Former Washington Redskins linebacker Harold McLinton, struck by a hit-and-run driver Wednesday night, was in "extremely critical" condition last night after undergoing 19 hours of emergency surgery.

By the time a team of 10 Washington Hospital Center doctors and nurses finished operating at 7 p.m., McLinton had received more than 100 pints of whole blood as well as a quantity of fresh frozen plasma.

As the surgical team worked yesterday, hundreds of area sports fans and some of McLinton's former teammates flocked to donor centers in response to the urgent need for blood.

Former Redskins guard Willie Banks summed up the feelings of the more than 300 fans and friends -- they included police officers, Capitol Hill statisticians and legal secretaries on lunch hour -- who streamed to the Hospital Center to roll up their sleeves and donate.

"I came . . . to the aid of a trouper," said banks. "He would do the same for anyone who needed him . . . With our help and with God's, he'll make it."

McLinton's marathon operation, which began shortly before midnightt Wednesday, was for what a hospital official described as fractures of the pelvis, left leg and collarbone.

The 33-year old former linebacker, who played 137 games over 10 seasons, also suffered head injuries and extensive internal injuries, which required the massive transfusion of type O-positive blood.

McLinton's injuries are associated who a "poor" chance for recovery, Dr. Howard Champion, director of the hospital center's shock trauma unit, said yesterday, while surgery was still under way.

"The outcome is hinged on our ability to treat the injuries and to keep his vital organs functioning," the doctor said . . . overall outcome is likely to be poor on a statistical basis."

Champion also said that McLinton was on a respirator throughout the surgery and that drugs were used to keep his heart beating.

According to D.C. police reports, the 6-foot-2 McLinton was standing alongside a car whose woman driver had parked it on the shoulder of the northbound side of Rte. 295, just south of the Portland Street SF, exit, about 10:15 p.m. Wednesday when a white Mustang slammed into him, throwing him more than 50 feet through the air.

The former linebacker was airlifted by a U.S. Park Police helicopter to the Medstar Unit at the Hospital Center, where he was reported to be "in severe shock," said semiconscious. He was rushed into surgery a short time later.

Police said McLinton and the woman, who police declined to identify, had been at a speaking engagement at Lorton Reformatory prior to the incident. McLinton, unfamiliar with the area, had asked the woman if he could follow her back toward Washington. They apparently stopped near the exit, where he was thinking her for her help when he was hit by the car.

The driver turned himself in to police at 11 a.m., yesterday, police said, after he realized he may have been involved in the incident.

Police identified him as Larry Naylor, a 32-year-old Air Force sergeant presently stationed at Bolling Air Force Base. He was charged with leaving after colliding and was released on his own recognizance pending a trial later this month.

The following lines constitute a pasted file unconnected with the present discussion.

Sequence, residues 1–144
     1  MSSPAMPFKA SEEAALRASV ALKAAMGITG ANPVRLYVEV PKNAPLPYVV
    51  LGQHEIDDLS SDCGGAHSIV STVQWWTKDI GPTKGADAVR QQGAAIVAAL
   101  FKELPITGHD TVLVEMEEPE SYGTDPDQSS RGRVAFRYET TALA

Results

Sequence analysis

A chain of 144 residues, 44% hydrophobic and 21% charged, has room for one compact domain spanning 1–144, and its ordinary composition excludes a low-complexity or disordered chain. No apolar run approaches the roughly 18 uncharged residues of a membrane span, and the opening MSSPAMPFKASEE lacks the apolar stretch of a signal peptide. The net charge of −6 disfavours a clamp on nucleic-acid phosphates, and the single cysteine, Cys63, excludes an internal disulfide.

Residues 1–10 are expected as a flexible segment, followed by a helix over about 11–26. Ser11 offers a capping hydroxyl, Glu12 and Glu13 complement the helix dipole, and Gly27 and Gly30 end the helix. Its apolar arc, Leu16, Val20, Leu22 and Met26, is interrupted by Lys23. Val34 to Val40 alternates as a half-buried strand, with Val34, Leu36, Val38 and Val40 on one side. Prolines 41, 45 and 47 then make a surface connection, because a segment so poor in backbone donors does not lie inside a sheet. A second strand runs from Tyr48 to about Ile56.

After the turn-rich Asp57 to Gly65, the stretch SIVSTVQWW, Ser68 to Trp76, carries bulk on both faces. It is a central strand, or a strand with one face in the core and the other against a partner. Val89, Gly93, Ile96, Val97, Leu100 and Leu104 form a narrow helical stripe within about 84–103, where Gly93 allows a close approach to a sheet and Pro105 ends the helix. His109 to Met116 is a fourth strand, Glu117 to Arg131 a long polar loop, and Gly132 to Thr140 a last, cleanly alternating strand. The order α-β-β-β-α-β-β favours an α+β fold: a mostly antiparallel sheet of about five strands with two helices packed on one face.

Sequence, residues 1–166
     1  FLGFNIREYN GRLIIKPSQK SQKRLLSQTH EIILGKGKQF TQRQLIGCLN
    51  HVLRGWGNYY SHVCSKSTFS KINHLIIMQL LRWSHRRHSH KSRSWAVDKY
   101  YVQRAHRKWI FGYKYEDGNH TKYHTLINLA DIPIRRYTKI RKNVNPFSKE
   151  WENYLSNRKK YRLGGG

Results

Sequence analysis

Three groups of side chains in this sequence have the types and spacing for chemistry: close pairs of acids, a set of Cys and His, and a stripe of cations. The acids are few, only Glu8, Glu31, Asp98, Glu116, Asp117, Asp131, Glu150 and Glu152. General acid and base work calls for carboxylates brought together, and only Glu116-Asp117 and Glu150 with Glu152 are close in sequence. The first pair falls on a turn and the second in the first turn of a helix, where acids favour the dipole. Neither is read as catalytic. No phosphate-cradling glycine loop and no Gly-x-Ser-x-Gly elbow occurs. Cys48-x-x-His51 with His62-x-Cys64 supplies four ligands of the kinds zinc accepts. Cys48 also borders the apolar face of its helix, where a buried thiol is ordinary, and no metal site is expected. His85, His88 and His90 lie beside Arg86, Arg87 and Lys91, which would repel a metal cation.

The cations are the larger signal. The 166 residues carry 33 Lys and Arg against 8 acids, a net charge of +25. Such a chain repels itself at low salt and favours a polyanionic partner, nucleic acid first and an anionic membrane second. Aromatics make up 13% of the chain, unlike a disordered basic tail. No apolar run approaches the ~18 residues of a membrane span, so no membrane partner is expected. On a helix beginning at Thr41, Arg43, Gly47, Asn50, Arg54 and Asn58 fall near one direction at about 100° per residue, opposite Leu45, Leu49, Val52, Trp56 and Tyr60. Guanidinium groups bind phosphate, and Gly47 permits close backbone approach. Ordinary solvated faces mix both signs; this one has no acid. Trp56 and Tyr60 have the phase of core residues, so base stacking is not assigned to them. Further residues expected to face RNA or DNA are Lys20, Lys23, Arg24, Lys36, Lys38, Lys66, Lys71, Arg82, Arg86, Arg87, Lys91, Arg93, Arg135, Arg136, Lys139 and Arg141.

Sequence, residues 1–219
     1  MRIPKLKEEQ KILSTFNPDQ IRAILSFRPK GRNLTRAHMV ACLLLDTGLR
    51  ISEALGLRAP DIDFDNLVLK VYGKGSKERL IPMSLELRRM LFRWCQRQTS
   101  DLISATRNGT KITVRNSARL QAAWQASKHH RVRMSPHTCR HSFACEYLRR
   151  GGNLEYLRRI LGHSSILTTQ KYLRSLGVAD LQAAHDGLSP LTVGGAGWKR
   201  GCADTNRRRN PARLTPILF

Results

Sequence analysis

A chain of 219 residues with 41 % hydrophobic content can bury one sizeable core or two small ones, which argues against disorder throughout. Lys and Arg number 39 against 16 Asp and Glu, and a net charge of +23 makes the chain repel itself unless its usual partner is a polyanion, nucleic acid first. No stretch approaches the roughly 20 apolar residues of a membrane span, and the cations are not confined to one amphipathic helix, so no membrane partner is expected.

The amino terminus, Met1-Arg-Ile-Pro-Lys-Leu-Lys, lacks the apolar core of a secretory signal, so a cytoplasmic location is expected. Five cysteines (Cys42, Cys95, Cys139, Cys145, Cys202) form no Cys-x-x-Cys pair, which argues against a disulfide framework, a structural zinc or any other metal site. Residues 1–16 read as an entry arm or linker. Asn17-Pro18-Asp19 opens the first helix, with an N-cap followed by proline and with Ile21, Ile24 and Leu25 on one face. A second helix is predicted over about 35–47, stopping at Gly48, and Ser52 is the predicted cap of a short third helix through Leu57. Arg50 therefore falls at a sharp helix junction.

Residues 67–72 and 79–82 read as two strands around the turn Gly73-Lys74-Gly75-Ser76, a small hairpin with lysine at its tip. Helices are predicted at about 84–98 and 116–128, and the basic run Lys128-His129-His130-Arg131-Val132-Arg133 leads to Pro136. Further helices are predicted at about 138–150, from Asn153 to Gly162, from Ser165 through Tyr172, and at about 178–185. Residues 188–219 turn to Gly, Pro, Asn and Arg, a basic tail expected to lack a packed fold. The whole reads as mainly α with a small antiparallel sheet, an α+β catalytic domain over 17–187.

The section of the road where the incident occured was described by police as without lights and relatively dark. Investigators said that neither of the two parked cars was on the roadway and that McLinton was standing off the road as he talked to the woman in the car parked behind his.

According to a hospital spokeswoman, local radio stations appealed to their listeners to donate blood when the supply of O positive blood at area hospitals and blood banks began to dwindle early yesterday morning.

Hospital switchboards then were jammed with calls from fans wishing to donate. As the hallway near the donor center at the Hospital Center began to fill, hospital officials began referring donors to their neighborhood blood banks, where they could donate blood in McLinton's name.

Meanwhile, at Redskin Park, several members of the team who know McLinton expressed sorrow and shock.

"He's a first-class guy all the way," said safety Ken Houston.

"One time he got up and made a speech in a meeting when we were all real down about how tough it was to play with an injury, and then he said. 'I've been playing with a broken neck.' He had a fractured vertebra and had been playing with it.

"He was always one solid piece of tape. No one knew he was hurting except me and a couple of his other friends."

Redskin Coach Jack Pardee, who himself overcame cancer more than 10 years ago, offered McLinton this advice: "I'd tell him to be thankful for all his friends. They'll supply the support, he'll do the rest."

McLinton, a native of Fort Valley, Ga., attended Southern University and joined the Redskins on March 27, 1969, after being selected in the sixth round of the 1969 draft.

He was dropped on the eve of the 1979 season.

During one stretch of his four-season Redskin career, McLinton -- known as "tank" among his teammates -- played middle linebacker in every game. Still, he was considered a relatively unsung defensive mainstay who got the job done and played despite injuries.

The holder of a bachelor of Science degree in marketing. McLinton, while still with the Redskins, had begun an offseason job with Metro as youth service specialist.

Recently he had been involved in a Metro program aimed at curbing vandalism.

In 1979, shortly after his Redskin career ended, McLinton helped coach the University of the District of Columbia football team.